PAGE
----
I’d recommend a survey course in accounting (to help you follow the money) and either biology or chemistry or even mechanical engineering (to show you how the world really works). If a person likes to read, they can pick up a bunch of history and political science on the side. It may be unstructured, but it is there for the taking. Half of my law school class in 1974 were education majors. I went to a Catholic school, so I was forced to take theology and philosophy. I didn’t find theology useful at all in law school. However, it helps a lot in arguments with non-educated religious fundamentalists.

  4. Cathy says:

    I disagree about not taking legal-ish courses in college. Of course they won’t supplant the need to take actual law school courses because those are about the mechanics of the law and these largely are not, but that’s what makes them so valuable, because instead of the mechanics they focus on the effects, the context, the social role, etc. These are things every lawyer should understand about the law but that law school may not necessarily impart. These are the things that can capture students’ imaginations when they start to think about what the law should be.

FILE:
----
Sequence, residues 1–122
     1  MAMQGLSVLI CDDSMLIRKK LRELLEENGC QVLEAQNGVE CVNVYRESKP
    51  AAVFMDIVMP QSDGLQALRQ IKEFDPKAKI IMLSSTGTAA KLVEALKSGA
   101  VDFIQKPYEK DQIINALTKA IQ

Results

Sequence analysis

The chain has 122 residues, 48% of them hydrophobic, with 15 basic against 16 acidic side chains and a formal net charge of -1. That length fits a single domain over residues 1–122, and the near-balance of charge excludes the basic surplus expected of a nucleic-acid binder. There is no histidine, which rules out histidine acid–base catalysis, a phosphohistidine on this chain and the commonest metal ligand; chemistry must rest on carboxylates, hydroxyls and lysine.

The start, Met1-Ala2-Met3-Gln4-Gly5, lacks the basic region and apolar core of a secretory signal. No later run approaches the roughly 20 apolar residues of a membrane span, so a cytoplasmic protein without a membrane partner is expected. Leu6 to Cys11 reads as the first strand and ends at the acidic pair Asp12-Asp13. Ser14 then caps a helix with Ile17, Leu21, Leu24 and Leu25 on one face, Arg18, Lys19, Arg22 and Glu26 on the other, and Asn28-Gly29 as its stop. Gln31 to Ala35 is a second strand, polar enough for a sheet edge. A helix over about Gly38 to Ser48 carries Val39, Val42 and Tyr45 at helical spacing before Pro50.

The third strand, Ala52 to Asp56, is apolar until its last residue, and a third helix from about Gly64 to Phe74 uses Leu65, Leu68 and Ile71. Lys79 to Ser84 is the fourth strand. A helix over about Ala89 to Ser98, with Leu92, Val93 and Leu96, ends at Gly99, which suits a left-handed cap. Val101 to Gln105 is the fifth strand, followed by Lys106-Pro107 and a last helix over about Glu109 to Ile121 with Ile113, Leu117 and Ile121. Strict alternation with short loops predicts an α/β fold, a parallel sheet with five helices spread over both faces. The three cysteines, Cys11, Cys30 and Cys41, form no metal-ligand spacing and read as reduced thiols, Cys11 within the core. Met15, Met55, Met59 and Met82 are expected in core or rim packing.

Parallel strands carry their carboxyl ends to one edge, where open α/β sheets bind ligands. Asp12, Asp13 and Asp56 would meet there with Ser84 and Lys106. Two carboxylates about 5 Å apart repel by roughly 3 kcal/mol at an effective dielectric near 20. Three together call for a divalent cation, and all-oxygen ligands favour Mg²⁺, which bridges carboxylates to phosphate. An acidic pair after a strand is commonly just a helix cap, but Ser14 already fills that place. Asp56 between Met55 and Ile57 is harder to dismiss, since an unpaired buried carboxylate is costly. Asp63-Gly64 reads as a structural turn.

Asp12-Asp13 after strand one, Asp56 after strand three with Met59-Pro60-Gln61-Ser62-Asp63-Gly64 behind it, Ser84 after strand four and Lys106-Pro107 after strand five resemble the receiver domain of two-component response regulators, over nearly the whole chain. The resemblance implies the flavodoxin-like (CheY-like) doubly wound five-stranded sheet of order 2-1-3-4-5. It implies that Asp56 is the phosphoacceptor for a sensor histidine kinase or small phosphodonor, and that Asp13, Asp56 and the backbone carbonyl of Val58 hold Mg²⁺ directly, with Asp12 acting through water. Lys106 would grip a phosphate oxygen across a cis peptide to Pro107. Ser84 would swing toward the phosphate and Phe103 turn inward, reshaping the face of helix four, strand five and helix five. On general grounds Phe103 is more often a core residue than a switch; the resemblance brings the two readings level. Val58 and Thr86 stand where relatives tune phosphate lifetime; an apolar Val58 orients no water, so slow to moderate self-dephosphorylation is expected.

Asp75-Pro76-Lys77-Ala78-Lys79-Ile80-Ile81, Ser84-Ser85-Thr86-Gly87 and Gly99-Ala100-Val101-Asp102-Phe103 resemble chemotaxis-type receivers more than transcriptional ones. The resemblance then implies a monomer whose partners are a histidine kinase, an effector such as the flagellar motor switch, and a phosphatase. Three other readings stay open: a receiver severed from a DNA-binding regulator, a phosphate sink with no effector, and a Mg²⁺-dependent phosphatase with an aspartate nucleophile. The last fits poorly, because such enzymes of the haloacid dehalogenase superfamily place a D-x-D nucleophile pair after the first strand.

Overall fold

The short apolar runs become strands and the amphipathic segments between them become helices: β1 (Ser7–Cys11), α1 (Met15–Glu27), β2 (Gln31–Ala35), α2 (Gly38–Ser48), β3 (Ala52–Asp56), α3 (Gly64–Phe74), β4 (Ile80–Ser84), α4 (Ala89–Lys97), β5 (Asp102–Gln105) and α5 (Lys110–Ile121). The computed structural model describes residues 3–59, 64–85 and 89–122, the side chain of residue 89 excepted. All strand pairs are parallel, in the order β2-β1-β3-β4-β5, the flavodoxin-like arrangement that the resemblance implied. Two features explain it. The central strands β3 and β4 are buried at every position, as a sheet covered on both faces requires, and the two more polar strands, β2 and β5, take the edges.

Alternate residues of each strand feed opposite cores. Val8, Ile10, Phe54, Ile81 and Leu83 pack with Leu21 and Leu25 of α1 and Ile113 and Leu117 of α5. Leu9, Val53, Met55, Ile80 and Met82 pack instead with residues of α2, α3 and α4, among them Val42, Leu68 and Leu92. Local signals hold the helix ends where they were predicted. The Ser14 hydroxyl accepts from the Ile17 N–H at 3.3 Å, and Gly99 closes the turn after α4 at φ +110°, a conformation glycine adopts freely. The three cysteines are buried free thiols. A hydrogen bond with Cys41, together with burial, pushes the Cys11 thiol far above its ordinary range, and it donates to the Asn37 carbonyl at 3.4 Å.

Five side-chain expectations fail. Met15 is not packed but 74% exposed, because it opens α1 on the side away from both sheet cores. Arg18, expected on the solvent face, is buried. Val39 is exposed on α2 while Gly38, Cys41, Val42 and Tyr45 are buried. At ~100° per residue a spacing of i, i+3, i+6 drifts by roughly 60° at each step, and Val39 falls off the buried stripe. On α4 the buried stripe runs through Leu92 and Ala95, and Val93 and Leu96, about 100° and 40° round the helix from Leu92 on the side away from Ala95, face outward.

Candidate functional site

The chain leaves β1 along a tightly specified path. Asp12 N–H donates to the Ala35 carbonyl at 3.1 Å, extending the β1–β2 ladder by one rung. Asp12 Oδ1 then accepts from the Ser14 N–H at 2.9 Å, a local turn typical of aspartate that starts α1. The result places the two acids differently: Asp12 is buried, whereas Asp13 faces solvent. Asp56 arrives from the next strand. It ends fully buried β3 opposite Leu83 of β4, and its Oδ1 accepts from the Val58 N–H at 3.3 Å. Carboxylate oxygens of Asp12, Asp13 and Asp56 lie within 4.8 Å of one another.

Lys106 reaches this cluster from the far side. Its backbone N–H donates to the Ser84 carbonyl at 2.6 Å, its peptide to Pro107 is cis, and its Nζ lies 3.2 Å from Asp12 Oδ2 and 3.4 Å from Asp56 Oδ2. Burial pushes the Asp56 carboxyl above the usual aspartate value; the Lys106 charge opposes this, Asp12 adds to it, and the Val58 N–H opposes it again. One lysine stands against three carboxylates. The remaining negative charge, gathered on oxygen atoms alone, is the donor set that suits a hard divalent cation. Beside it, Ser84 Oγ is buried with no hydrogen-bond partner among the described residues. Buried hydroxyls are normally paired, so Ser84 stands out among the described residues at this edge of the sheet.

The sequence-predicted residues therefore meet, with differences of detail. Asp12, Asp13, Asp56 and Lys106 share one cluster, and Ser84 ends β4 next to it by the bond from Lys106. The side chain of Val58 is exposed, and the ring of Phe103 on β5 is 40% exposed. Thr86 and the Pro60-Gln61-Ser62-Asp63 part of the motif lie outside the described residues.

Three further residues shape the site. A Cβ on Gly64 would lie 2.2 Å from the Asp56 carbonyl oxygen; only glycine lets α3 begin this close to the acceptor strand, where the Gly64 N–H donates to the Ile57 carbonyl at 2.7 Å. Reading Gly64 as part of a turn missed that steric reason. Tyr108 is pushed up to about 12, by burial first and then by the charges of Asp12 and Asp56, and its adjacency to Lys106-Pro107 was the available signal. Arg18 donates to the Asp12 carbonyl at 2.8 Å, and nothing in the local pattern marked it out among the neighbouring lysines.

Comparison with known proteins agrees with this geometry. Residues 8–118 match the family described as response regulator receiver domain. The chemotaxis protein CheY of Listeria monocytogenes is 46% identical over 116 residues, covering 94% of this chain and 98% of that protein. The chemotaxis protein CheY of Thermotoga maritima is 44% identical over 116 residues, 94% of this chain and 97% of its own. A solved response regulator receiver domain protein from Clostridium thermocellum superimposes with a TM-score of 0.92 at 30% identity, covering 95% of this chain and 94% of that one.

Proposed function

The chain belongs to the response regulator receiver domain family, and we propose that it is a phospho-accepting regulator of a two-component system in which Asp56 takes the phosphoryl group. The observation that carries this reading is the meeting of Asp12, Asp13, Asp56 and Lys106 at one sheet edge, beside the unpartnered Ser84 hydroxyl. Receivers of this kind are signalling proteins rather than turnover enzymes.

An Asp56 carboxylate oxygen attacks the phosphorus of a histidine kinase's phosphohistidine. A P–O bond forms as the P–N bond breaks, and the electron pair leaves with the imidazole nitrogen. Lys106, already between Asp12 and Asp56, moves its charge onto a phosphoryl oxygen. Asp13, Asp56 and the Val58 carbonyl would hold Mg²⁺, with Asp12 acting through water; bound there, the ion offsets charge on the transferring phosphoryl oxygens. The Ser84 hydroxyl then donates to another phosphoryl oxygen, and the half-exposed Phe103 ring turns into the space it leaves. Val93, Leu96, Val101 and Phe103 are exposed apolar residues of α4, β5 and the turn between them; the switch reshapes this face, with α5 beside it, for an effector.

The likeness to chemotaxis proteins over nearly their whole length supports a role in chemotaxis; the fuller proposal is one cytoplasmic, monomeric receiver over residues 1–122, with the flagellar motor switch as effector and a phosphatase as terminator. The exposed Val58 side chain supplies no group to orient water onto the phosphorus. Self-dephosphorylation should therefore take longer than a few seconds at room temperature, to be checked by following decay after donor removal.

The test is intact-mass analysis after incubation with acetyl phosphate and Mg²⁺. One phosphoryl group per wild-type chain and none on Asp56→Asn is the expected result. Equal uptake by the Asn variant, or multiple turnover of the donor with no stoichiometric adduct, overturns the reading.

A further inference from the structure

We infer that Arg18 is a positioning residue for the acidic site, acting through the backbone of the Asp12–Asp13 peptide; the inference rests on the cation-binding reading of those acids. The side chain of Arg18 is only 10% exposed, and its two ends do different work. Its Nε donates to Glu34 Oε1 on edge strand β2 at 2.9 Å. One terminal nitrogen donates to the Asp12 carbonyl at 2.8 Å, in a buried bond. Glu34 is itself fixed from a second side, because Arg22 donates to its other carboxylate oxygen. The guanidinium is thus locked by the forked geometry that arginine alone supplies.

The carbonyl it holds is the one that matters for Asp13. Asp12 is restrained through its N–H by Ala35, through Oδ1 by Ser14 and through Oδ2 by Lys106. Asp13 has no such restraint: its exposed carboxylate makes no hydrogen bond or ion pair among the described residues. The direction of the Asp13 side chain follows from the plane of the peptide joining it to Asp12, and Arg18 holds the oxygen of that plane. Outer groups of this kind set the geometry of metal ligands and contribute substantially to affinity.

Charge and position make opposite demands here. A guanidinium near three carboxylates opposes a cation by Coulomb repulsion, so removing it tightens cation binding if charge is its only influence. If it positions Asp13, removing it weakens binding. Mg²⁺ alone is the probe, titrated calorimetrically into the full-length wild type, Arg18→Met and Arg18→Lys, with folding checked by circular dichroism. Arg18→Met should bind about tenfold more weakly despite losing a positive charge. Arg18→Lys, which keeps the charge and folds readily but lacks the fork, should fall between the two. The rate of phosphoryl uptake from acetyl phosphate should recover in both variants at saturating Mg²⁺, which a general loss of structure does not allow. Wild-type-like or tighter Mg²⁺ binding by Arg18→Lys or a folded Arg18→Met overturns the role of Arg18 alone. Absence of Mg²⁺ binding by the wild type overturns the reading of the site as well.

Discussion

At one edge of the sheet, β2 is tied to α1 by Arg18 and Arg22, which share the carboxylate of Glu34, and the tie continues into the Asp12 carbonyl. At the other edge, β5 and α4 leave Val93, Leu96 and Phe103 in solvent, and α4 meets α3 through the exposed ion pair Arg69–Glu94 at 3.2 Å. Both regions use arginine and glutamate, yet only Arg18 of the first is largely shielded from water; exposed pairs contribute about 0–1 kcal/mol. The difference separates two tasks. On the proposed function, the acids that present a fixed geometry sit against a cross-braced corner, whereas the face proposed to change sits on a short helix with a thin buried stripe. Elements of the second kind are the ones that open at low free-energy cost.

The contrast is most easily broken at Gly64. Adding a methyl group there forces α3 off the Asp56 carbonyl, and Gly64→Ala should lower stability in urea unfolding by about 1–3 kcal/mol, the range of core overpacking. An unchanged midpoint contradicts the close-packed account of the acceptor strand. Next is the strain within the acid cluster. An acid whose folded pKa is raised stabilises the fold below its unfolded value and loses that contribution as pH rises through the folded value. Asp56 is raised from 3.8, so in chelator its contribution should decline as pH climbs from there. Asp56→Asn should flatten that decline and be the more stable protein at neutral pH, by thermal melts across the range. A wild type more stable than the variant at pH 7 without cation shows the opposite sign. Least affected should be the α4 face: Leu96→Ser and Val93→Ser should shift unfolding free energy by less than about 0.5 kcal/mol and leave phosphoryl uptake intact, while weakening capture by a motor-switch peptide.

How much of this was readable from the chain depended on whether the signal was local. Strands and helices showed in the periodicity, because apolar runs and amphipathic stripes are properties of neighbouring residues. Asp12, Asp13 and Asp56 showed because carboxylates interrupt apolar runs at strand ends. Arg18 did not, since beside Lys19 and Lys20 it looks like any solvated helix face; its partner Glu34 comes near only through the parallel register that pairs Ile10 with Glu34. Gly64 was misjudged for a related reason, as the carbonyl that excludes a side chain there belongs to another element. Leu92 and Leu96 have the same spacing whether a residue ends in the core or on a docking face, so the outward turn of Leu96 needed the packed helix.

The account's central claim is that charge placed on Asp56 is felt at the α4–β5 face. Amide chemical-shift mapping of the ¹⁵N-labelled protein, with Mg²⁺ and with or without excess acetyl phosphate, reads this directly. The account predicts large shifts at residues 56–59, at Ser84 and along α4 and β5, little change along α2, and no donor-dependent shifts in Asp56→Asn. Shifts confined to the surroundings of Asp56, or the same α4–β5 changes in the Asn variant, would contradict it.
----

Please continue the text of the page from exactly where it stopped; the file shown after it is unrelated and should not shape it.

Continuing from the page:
(My personal example: as a law student I often drew on the lessons I learned from my sociology of law course as an undergrad 10 years earlier. I can’t imagine having done law school without those insights to help provide some contextualization.)

  5. Confused Student says:

    This is completely random, but would an Architecture major have a reasonable shot at law school? Is it too far off subject, what if you (well this is what I’m doing) have taken a lot of political science/social studies courses in your electives? would that help?

  6. Michael says:

    I can’t see why not.

  7. Robert D. says:

    I believe law school is a great decision, but make sure you investigate the school before going (even if that particular school is the only school you get accepted to). For example, I had a friend who went to OCU and says the entire school (especially the Dean) abuses their power and only cares about making money off the students. They are totally INJUST!! So, take my advice, look into the school before going.

  8. Robert D. says:

    DO NOT go to OCU school of law.